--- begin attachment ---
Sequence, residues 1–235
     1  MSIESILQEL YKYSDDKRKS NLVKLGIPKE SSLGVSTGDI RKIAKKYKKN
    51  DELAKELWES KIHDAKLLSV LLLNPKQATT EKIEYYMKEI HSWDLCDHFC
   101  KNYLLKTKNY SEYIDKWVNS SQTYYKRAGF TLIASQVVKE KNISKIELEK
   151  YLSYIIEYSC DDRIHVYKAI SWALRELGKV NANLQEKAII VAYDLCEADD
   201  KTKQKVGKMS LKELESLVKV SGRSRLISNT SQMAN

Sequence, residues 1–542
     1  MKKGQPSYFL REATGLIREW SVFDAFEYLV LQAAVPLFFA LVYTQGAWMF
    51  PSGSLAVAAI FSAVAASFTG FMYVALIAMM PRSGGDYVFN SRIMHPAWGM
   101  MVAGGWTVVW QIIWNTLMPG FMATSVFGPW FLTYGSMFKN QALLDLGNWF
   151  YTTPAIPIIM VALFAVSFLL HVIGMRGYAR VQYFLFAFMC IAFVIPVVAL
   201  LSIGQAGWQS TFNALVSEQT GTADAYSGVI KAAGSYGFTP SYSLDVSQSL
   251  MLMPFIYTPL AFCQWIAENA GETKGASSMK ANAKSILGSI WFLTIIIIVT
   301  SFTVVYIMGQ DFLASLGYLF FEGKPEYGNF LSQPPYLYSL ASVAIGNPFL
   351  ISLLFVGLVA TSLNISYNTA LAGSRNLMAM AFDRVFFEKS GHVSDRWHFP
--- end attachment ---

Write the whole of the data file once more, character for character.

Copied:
Sequence, residues 1–235
     1  MSIESILQEL YKYSDDKRKS NLVKLGIPKE SSLGVSTGDI RKIAKKYKKN
    51  DELAKELWES KIHDAKLLSV LLLNPKQATT EKIEYYMKEI HSWDLCDHFC
   101  KNYLLKTKNY SEYIDKWVNS SQTYYKRAGF TLIASQVVKE KNISKIELEK
   151  YLSYIIEYSC DDRIHVYKAI SWALRELGKV NANLQEKAII VAYDLCEADD
   201  KTKQKVGKMS LKELESLVKV SGRSRLISNT SQMAN

Sequence, residues 1–542
     1  MKKGQPSYFL REATGLIREW SVFDAFEYLV LQAAVPLFFA LVYTQGAWMF
    51  PSGSLAVAAI FSAVAASFTG FMYVALIAMM PRSGGDYVFN SRIMHPAWGM
   101  MVAGGWTVVW QIIWNTLMPG FMATSVFGPW FLTYGSMFKN QALLDLGNWF
   151  YTTPAIPIIM VALFAVSFLL HVIGMRGYAR VQYFLFAFMC IAFVIPVVAL
   201  LSIGQAGWQS TFNALVSEQT GTADAYSGVI KAAGSYGFTP SYSLDVSQSL
   251  MLMPFIYTPL AFCQWIAENA GETKGASSMK ANAKSILGSI WFLTIIIIVT
   301  SFTVVYIMGQ DFLASLGYLF FEGKPEYGNF LSQPPYLYSL ASVAIGNPFL
   351  ISLLFVGLVA TSLNISYNTA LAGSRNLMAM AFDRVFFEKS GHVSDRWHFP